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So this question came to my head this morning. When analyzing such a problem, its easier to break the W component into 2 seperate components, here I've marked the components in Red & Pink arrows.

I've been doing this type of questions a lot but never thought of it. Why should those 2 components of W (Red & Pink) be Perpendicular to each other? Why can't it be like the first (top) diagram I made.

  • $\begingroup$ The only requirement is that the red and pink arrow, when added together make the black arrow, which means the red arrow in the lower diagram is too long $\endgroup$ – Triatticus May 18 at 12:43
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    $\begingroup$ @Triatticus The OP says the drawing is not to scale. I would assume that includes the lengths of the arrow. But your statement is correct. $\endgroup$ – Bob D May 18 at 12:55
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    $\begingroup$ While there is no fundamental requirement from linear algebra that the basis vectors you use have a vanishing inner product, almost all manipulations are easier when that is the case (and it is generally the only way we teach the work). Thankfully it is easy to construct an orthonormal basis from an arbitrary one (Gram-Schmitt procedure). $\endgroup$ – dmckee May 18 at 16:41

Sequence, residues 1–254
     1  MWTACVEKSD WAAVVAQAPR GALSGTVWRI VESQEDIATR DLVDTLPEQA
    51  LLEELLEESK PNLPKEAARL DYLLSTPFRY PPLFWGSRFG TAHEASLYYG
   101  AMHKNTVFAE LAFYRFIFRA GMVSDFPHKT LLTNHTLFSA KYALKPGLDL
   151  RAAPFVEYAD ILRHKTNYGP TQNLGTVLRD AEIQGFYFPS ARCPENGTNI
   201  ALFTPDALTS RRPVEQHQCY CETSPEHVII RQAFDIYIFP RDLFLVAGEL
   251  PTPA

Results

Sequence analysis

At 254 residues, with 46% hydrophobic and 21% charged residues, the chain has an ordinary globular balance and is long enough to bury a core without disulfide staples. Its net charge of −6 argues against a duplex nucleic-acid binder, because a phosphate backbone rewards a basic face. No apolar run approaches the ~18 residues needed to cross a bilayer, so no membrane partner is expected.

Components at right angles to each other are especially useful because they are so easy to calculate.

If vector $\vec V$ has components $\vec{V_1}$ and $\vec{V_2}$ at right angles to each other and in the same plane as $\vec V$, then their magnitudes are $$V_1=V \cos \theta_1\ \ \ \text{and}\ \ \ 𝑉_2=𝑉 \cos𝜃_2$$ in which $V$ is the magnitude of $\vec V$ and $\theta_1$ and $\theta_2$ are the angles between $\vec V$ and the components.

If the components are not at right angles to each other, their magnitudes are not given by so simple a rule – as you can see by drawing the vector addition diagram for $\vec V= \vec{V_1} +\vec{V_2}$. This yields $$V_1=V \frac{\sin \theta_2}{\sin (\theta_1 +\theta_2)} \ \ \ \text{and}\ \ \ 𝑉_2=𝑉 \frac{\sin \theta_1}{\sin (\theta_1 +\theta_2)}$$


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